Nearly 200 Fort Drum community members visited the Army Community Service building on July 25 to help the ACS staff celebrate 54 years of serving Soldiers and their Families. It was a birthday party for all ages with ice cream and cupcakes, cookies and popcorn, games, karaoke and even a lifelike cow for kids to practice their milking techniques. (Photo by Mike Strasser, Fort Drum Garrison Public Affairs)
Army Community Service: 54 years and going strong
Fort Drum Garrison Public Affairs
FORT DRUM, N.Y. (July 26, 2019) – Nearly 200 Fort Drum community members visited the Army Community Service building on July 25 to help the ACS staff celebrate 54 years of serving Soldiers and their families.
It was a birthday party for all ages with ice cream and cupcakes, cookies and popcorn, games, karaoke and even a lifelike cow for kids to practice their milking techniques.
“C’mon, guys, you didn’t get your faces painted yet,” Cathy Ferran, ACS director, called out to two Soldiers passing by her. “I dare you to get your face painted and go back to formation.”
Ferran has worked for the organization for almost 25 years, and she said she has loved coming to work every day. She started her federal career working at a child care facility overseas before transitioning over to ACS.
“There’s something really special about working with Soldiers and Family Members,” she said. “I just really enjoy it, and that’s because of the closeness you get by working with the whole community.”
It’s an organization that follows Army Families from one installation to another, so that they are never without those vital services, such as Financial Readiness, Relocation Readiness, Survivor Outreach Services, Army Family Team Building, and many more.
What changes from post to post are the ACS staffs, and Ferran said that the people who work at Fort Drum go out of their way to make a difference in the lives of community members.
“Well, we hear that a lot, people saying that this is the best ACS,” she said. “Personally, and this has been my philosophy, we don’t sit at our desks and wait for someone to come to us and say they need help. I truly believe in keeping things innovative and creative, and getting out in the community, to reach people.”
Ferran said that one of their biggest challenges is making sure that new Soldiers and their Families know about ACS and reminding more seasoned Army Families about programs they weren’t aware existed.
“Often times, I think of ACS as an untapped treasure, because a lot of people don’t realize everything ACS has to offer and the value it can add to their lives,” she said. “We pride ourselves on – no matter what the situation is – we’re going to help connect Soldiers and Families to the support systems that will benefit them. If they aren’t sure where to turn to for help, ‘Think ACS First.’”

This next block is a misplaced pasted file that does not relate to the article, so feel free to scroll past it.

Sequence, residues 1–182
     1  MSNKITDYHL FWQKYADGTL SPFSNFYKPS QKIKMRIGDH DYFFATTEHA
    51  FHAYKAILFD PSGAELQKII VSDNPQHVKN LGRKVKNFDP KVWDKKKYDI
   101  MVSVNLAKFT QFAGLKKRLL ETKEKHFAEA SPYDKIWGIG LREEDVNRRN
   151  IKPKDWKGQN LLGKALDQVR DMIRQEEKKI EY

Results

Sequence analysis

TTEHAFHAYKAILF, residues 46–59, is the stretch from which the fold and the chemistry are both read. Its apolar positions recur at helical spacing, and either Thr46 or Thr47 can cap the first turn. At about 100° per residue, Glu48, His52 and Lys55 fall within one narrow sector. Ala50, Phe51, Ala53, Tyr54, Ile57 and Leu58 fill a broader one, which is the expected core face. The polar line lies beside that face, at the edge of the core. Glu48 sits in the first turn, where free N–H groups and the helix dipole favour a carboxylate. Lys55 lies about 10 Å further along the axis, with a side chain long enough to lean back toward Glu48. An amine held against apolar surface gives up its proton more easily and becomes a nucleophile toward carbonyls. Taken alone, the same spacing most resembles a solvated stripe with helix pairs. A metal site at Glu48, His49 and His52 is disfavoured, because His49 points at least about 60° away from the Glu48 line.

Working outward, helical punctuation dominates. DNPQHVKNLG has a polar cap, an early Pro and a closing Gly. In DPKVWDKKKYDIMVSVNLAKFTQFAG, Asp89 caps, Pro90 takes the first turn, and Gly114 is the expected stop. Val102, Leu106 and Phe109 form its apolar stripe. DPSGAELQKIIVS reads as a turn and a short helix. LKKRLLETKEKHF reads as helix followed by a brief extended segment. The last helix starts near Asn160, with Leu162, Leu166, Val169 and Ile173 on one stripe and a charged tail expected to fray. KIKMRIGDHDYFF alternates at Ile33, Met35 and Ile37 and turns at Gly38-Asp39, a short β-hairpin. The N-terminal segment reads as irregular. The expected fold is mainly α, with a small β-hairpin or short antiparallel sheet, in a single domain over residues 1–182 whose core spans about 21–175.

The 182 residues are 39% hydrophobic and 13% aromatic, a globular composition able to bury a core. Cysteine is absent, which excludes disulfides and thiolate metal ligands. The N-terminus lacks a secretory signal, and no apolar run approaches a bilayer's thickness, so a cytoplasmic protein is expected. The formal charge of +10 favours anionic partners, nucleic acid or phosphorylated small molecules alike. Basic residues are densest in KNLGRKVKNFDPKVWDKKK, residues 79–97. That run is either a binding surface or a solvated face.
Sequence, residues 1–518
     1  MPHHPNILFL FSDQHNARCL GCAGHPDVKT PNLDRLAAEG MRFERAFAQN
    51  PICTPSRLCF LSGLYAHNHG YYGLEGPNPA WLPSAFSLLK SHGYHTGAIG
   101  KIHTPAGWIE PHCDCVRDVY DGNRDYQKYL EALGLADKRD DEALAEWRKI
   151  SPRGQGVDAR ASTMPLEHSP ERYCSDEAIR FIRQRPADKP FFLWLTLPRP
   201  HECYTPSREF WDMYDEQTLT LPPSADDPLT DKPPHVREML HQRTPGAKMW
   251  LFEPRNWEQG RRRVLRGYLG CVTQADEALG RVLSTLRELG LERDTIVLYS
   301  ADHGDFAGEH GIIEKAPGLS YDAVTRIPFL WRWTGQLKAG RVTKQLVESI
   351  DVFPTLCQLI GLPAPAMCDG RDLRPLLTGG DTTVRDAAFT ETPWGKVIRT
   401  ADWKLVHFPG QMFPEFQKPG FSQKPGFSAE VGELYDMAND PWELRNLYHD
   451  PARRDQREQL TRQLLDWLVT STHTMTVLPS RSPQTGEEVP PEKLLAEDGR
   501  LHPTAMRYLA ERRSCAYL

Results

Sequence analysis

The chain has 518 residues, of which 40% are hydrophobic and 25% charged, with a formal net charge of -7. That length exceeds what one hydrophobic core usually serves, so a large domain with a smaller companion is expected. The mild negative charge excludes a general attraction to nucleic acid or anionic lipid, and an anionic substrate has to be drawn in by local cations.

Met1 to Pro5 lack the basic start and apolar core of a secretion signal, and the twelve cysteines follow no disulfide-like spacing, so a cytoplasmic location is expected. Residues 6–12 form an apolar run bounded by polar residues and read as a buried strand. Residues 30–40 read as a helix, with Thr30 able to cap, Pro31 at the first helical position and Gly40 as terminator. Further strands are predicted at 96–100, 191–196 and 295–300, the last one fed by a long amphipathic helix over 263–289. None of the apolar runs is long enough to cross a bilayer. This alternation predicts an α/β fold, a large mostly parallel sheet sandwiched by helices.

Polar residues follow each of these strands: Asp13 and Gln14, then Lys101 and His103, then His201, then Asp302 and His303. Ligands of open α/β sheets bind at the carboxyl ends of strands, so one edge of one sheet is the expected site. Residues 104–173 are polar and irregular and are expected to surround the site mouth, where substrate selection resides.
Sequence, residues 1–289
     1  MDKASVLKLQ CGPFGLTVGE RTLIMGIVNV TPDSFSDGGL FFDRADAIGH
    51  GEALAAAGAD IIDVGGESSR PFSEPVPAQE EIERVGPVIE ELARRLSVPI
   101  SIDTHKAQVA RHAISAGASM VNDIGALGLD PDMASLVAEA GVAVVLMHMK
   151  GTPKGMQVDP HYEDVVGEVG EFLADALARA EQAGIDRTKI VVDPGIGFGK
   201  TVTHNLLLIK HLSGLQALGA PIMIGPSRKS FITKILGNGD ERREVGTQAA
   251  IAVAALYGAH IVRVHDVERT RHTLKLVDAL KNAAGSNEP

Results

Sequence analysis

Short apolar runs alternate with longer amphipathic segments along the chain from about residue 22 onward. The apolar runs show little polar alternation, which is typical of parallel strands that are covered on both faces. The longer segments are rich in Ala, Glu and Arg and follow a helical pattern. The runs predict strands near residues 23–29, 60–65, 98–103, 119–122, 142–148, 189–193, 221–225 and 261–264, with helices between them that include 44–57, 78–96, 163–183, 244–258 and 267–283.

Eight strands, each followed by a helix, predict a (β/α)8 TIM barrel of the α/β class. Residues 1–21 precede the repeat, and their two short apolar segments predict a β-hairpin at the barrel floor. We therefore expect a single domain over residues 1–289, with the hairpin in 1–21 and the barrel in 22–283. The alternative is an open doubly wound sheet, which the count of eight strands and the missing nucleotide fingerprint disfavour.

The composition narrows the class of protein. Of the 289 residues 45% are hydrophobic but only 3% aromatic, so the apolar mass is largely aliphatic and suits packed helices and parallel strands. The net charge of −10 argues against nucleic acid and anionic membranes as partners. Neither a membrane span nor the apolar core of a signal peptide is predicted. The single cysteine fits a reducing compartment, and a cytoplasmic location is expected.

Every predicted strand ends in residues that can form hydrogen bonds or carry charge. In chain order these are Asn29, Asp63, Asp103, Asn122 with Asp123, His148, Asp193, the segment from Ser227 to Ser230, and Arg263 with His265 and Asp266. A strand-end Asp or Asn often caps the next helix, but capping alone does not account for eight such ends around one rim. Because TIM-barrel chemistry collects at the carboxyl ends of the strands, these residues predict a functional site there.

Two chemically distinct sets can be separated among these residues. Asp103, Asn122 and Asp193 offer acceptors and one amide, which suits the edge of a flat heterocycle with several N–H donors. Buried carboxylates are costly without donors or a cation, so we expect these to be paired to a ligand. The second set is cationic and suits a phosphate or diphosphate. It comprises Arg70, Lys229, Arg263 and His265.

So, in that way, the birthday party also was an opportunity for Families to learn more about ACS programs, but not in an overt, informational booth kind of way. Ferran said that they wanted to make it fun and educational. At one tent, attendees could test their parenting skills by finding all of the home hazards laid out that could potentially harm a child.
“Hopefully, this can help increase awareness of the kinds of programing and support that we can do,” she said. “We want to educate the community and try to get them connected to community resources. That’s what ACS is about – making connections with our community members from the time.”
Azenith Amos experienced that connection recently when she gave birth to her son, and someone from ACS visited her at the hospital to deliver a special “Baby Bundle” of goodies through the Family Advocacy Program.
“It’s great that they came to see me at the hospital and welcome our new baby,” she said.
This was her first visit to the ACS building on post, and she brought her husband, two daughters and newborn son to look around, have fun and meet some of the staff.
Among those staff members is Faith Hopper, who retired from the Army after 24 years of service and has worked as the ACS program support assistance since 2013.
“I just enjoy being around Soldiers and being able to help them and their Families,” she said. “I’ve always thought ACS is great because of all the trips and different activities and programs that they have to support the community.”
And after 54 years of support, ACS is still growing. Ferran said that, under the commanding general’s guidance, they recently began a new “Spouses Welcome” session from 9 to 10:30 a.m. every Thursday at Clark Hall.
The informational meeting allows new spouses to learn about services and programs available at Fort Drum and in the North Country, and meet some of the senior leader spouses on post who can share some of their own experiences. All Family Members, including parents and children, are welcome to attend.
The Fort Drum ACS staff will host another party, from 10 a.m. to 1 p.m. Aug. 5 outside the Pine Plains Bowling Center.
“We always do this at the end of summer, and it’s like a back-to-school party,” Ferran said. “We give away school supplies, and there will be food, games and other activities. It’s another chance to get people out and involved and aware of what’s going on in their community.”
To learn more about ACS, visit https://drum.armymwr.com/programs/army-community-service or https://www.facebook.com/FtDrumACS/.